BERN, SWITZERLAND – A roundup of news from the federal government in Bern: Swiss citizens who are frequent travelers to the US may want to take part in the US Global Entry programme, following the signature 16 December of a declaration of intent by the two countries.
The federal government issued a statement saying it is pleased that two parliamentary motions have been dropped, to charge drunks for hospital treatment and jail time. The debates have nevertheless provided “the opportunity for a fresh start” for a countrywide alcohol abuse programme.
Bern Friday morning issued its annual forecast for holiday traffic jams to help travelers plan accordingly and consider alternative routes and travel times.
Global Entry, startup date not yet set
A date has not been set for Switzerland’s participation in the Global Entry programme, which is described by the US Department of Homeland Security as:
“a US Customs and Border Protection (CBP) program that allows expedited clearance for pre-approved, low-risk travelers upon arrival in the United States. Members enter the United States through automatic kiosks at select airports … Travelers must be pre-approved for the Global Entry program. All applicants undergo a rigorous background check and in-person interview before enrollment. While Global Entry’s goal is to speed travelers through the process, members may still be selected for further examination when entering the United States.”
The UK recently joined the programme and British citizens have had the option to apply since 3 December. They pay a £42 application fee, then $100 for a five-year membership if accepted to the programme.
Swiss citizens would be cleared by the Swiss government, which will now begin to put in place a clearance programme based on US eligibility rules.
Christmas, New Year car travel – avoid queues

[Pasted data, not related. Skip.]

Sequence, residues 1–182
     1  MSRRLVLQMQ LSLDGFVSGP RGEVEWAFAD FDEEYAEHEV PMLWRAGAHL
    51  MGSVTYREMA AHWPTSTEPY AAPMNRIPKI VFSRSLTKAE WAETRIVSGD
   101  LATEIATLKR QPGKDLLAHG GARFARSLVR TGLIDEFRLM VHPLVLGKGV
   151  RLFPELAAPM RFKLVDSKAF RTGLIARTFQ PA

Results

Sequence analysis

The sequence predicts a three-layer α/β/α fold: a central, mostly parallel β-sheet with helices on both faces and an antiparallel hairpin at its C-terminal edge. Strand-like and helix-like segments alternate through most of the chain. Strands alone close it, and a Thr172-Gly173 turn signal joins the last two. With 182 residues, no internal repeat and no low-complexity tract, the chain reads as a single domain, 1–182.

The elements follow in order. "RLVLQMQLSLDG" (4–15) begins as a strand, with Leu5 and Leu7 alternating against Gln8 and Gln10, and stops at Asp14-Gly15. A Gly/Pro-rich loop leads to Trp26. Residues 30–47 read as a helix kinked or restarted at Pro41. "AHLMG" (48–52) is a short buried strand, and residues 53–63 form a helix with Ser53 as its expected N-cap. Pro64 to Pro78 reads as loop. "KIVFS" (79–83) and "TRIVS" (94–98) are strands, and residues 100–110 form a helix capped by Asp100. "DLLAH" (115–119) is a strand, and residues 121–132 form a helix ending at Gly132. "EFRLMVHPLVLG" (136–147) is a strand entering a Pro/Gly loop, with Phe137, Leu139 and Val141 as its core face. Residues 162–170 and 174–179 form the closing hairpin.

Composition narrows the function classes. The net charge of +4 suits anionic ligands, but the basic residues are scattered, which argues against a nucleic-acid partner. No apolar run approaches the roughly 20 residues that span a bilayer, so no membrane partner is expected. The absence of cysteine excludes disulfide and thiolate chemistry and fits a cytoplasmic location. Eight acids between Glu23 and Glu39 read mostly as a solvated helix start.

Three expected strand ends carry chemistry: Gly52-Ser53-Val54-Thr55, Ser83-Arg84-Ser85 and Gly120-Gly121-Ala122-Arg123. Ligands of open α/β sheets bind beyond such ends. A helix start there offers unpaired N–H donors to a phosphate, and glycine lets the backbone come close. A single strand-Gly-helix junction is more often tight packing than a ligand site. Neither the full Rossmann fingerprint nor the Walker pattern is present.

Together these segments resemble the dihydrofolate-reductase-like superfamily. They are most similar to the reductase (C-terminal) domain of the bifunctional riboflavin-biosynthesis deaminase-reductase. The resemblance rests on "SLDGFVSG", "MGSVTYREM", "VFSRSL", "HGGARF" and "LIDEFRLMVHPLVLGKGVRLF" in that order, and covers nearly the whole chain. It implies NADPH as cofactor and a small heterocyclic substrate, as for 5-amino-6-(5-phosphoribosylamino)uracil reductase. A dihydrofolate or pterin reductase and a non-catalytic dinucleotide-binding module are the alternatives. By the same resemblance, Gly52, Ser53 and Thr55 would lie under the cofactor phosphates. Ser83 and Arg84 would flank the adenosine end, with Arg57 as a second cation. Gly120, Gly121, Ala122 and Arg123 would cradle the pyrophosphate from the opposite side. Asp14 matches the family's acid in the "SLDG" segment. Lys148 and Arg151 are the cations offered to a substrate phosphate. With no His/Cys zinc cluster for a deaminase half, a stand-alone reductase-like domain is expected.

The Swiss federal highway department cautions drivers that between Saturday 19 December and 10 January several traffic jams are likely to build up during peak travel times.
Heaviest traffic days:
List of busiest routes, mountain pass closures and customs posts
Making drunks pay is not the best option
The Swiss government would like to see a stronger prevention programme in place to reduce alcohol abuse, the Federal Council on Problems Linked to Alcohol said after two parliamentary motions were withdrawn.
One was originally designed to protect young people from abusing alcohol through a complete overhaul of the national alcohol abuse programme, while the other focused on making people, including young people, pay for their hospitalization and any additional costs for treatment, transport and damages while heavily under the influence.
The problem for the council with both motions, which were adapted during parliamentary debates, is that they shifted the emphasis away from prevention. Abuse is a complex public health problem that needs to be treated in context, the group says in a press release. “To fight alcohol abuse effectively, the causes of it must be dealt with on a larger scale. The measures that are considered most effective cover pricing, limiting the hours when alcohol is available and banning “bait advertising” to pull in drinkers with deals that encourage heavier consumption.